Mission Statement:

The object of this organization shall be to foster the high ideals of the engineering profession, to stimulate interest in and coordinate departmental activities, to promote the mutual professional welfare of its members, and to develop in students of mechanical engineering the attributes necessary for effective leadership and the assumption of the responsibilities of a citizen in a democracy.


Pi Tau Sigma is a Mechanical Engineering Honor Society, instituted in order to establish a closer bond of fellowship among its members which will result in mutual benefit to those men and women in the study and in the profession of mechanical engineering. Pi Tau Sigma's core values are: Integrity (soundness of character and moral conduct), Service (serving the mechanical engineering profession and the community), and Leadership (being foremost and fostering initiative through example in a professional manner).

(source: Pi Tau Sigma National)

With the twentieth century came the realization that honor societies made a definite contribution to the department and that membership required active participation. Pi Tau Sigma came into being on March 16, 1915, at the University of Illinois. A similar organization embarked November 15, 1915, at Wisconsin, and other local organizations (such as the Carzeuran of Purdue) were soon to become active. The early leaders: Professors C. R. Richards, A. C. Willard, and 0. A. Leutwiler of the University of Illinois; G. L. Larson of the University of Wisconsin; G. A. Young of Purdue University; and J. V. Martenis of the University of Minnesota, stand out for their early contributions.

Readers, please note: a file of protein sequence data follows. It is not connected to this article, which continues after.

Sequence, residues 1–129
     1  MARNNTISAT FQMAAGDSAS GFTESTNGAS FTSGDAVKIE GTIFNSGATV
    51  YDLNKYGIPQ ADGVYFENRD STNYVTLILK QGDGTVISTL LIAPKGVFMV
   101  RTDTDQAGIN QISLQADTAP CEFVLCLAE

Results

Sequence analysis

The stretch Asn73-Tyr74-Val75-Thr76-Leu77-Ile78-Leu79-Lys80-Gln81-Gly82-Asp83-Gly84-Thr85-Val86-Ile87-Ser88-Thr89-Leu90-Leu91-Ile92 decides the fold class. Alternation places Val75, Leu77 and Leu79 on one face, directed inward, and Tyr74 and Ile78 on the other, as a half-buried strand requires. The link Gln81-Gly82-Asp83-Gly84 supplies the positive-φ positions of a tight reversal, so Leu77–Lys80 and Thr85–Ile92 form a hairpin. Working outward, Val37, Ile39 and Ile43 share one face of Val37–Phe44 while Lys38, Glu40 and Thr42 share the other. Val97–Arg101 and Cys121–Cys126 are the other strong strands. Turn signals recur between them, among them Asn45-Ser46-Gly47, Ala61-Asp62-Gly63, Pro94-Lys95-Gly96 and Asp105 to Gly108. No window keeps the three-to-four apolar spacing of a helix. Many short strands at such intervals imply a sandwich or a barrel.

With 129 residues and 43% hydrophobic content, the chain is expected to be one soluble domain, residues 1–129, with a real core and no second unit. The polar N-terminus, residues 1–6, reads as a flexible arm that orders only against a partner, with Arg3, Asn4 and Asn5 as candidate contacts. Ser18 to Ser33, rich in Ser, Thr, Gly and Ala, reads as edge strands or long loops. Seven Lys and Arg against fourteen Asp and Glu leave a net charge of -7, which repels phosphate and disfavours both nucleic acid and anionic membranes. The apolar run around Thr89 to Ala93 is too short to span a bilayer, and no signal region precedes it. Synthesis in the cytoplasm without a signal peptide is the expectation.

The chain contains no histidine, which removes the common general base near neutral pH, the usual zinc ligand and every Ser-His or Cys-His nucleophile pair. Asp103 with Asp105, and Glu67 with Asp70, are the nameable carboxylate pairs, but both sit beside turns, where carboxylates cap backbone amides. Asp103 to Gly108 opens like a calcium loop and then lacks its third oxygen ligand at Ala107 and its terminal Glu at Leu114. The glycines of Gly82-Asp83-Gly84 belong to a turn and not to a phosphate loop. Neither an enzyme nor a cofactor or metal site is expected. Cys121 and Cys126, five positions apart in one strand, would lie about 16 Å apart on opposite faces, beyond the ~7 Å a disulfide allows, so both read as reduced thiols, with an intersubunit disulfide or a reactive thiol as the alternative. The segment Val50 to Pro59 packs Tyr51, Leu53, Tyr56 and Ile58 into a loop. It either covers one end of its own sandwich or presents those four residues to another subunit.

In ten years Pi Tau Sigma grew to six chapters in the Midwest (Illinois Alpha, Wisconsin Alpha, Purdue Beta, Minnesota Gamma, Illinois Delta, and Missouri Epsilon). In 1925 the expansion continued to the east with the Penn State Zeta Chapter being installed. Six years later the Texas Kappa Chapter, and the following year the Colorado Mu Chapter established chapters in the south and west. Also in 1932 the expansion continued southeast to Georgia Tech Nu Chapter. It was not until nine years later that the first chapter was installed on the Pacific coast (Oregon State Omega). In twenty-six years Pi Tau Sigma became truly a national honorary mechanical engineering fraternity with a total of twenty-five chapters. During the succeeding four years nine additional chapters were installed. From 1947 to 1958 forty new chapters were installed. The Chapter-At-Large was established in 1954. The installations completed through the spring of 1993 bring the total established chapters to one hundred and fifty-three. Two chapters have become inactive, one due to the discontinuance of the mechanical engineering program. Earlier, two established chapters in New York merged into one. At this time, 150 chapters remain active at different universities.